Advanced Internetting: Two Factor Authentication

Earlier this week, I discovered that GitHub supports two factor authentication, and I emailed all my coworkers, explaining what it is, why it is important, and how it works. Since I’ve already done the leg-work, I figured I should post it here, too.
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Advanced Internetting: RSS

UPDATE: In the post I say that I say that I am too lazy to separate feeds out into more categories than “comics” and “everything else.” But then I was on vacation for a week and had several thousand items to read.

Now it’s split into the following:

  • comics (same as before)
  • pay attention (stuff that I want to make sure I pay attention to)
  • bullshit (stuff that I don’t care if I blindly mark as read, but is actually really fast to blast through – typically these are sites that post single images as the sole post)
  • too many posts (these have good content, but they’re first on the chopping block, because they post too often; eg hacker news and fark)
  • subscriptions (my catch all, which needs a better name)

Ultimately, the point is to be able to prioritize which categories I really care about if I have too much stuff to read, and I need to mark an entire category as read, so I don’t have to declare complete RSS bankruptcy.

There was a pretty big dustup when Google announced it was shuttering Google Reader earlier this year. If you were using it, you’ve almost certainly found a replacement by now. But if you weren’t, and you aren’t familiar with RSS, now is probably the best possible time to get familiar. Google Reader replacements have started popping up all over the place, but they won’t do you any good, if you don’t know what they do.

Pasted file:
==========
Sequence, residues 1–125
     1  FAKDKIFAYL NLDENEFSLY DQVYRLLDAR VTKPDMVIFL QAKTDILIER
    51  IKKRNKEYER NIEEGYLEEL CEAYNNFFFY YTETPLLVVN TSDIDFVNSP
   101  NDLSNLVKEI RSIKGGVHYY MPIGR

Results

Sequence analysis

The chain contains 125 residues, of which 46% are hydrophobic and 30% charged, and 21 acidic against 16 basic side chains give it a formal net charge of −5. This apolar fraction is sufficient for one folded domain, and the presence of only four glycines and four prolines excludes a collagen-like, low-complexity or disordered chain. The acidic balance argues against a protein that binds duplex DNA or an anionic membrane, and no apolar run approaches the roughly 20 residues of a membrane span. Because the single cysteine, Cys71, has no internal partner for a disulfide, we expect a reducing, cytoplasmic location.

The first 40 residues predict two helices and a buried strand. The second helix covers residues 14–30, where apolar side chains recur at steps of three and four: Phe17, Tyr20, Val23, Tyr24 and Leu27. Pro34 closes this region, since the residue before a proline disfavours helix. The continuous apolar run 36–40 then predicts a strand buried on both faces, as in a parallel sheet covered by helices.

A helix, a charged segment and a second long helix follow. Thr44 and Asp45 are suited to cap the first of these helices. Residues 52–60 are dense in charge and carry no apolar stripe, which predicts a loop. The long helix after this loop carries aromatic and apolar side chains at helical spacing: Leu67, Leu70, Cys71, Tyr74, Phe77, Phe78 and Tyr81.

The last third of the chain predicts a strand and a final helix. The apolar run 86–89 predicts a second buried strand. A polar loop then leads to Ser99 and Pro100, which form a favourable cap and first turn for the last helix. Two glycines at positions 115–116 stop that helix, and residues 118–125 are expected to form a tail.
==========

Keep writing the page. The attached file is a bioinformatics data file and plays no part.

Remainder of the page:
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Static Serving this Blog with Hyde

Last week, I converted my blog from WordPress to Hyde.

Blogs are fairly straight-forward bits of software. Because of this, and the fact that everyone and their mother has a blog, building a blogging platform has become a sort of Hello World for showing off new programming languages or frameworks. Static site generators are starting to become more popular, too, because Amazon has made serving static content stupid-cheap with S3. The first big time static blog generator was Jekyll (at least that I’m aware of), which is built using Ruby on Rails. Not to be outdone, someone in the Python community made Hyde.

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Raspberry Pi Mail Server: Final Touches

Updates: It turns out the relayhost setting below didn’t work for me. Here’s what I did instead.

If you’ve read any of my prvious posts about this (previous posts listed here), you’ll know they pretty much all included a “Next Steps” section. I have finally finished everything on the lists, so unless I discover I’ve done something wrong, or I think of something else this needs, I should be done with this project. Here’s what was left, which I’ll cover in this post: